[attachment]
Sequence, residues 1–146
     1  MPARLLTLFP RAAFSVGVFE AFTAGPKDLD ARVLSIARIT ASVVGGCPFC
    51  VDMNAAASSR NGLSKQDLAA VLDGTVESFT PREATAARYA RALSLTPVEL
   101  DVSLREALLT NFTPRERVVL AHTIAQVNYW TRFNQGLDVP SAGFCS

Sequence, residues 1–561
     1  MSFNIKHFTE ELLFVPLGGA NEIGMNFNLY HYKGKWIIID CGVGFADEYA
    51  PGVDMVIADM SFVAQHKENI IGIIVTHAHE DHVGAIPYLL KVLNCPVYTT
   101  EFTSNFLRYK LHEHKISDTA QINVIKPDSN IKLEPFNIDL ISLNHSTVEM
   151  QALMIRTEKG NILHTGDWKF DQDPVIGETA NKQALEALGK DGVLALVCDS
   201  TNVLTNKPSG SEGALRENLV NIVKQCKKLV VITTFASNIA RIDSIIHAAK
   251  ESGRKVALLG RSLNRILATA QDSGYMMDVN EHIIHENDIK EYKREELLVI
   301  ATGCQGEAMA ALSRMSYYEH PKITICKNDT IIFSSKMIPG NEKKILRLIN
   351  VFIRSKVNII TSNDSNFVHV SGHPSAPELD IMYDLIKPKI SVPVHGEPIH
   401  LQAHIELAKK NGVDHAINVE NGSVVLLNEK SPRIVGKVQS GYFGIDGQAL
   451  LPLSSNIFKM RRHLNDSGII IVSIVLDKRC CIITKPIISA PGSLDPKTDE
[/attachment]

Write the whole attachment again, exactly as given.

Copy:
Sequence, residues 1–146
     1  MPARLLTLFP RAAFSVGVFE AFTAGPKDLD ARVLSIARIT ASVVGGCPFC
    51  VDMNAAASSR NGLSKQDLAA VLDGTVESFT PREATAARYA RALSLTPVEL
   101  DVSLREALLT NFTPRERVVL AHTIAQVNYW TRFNQGLDVP SAGFCS

Sequence, residues 1–561
     1  MSFNIKHFTE ELLFVPLGGA NEIGMNFNLY HYKGKWIIID CGVGFADEYA
    51  PGVDMVIADM SFVAQHKENI IGIIVTHAHE DHVGAIPYLL KVLNCPVYTT
   101  EFTSNFLRYK LHEHKISDTA QINVIKPDSN IKLEPFNIDL ISLNHSTVEM
   151  QALMIRTEKG NILHTGDWKF DQDPVIGETA NKQALEALGK DGVLALVCDS
   201  TNVLTNKPSG SEGALRENLV NIVKQCKKLV VITTFASNIA RIDSIIHAAK
   251  ESGRKVALLG RSLNRILATA QDSGYMMDVN EHIIHENDIK EYKREELLVI
   301  ATGCQGEAMA ALSRMSYYEH PKITICKNDT IIFSSKMIPG NEKKILRLIN
   351  VFIRSKVNII TSNDSNFVHV SGHPSAPELD IMYDLIKPKI SVPVHGEPIH
   401  LQAHIELAKK NGVDHAINVE NGSVVLLNEK SPRIVGKVQS GYFGIDGQAL
   451  LPLSSNIFKM RRHLNDSGII IVSIVLDKRC CIITKPIISA PGSLDPKTDE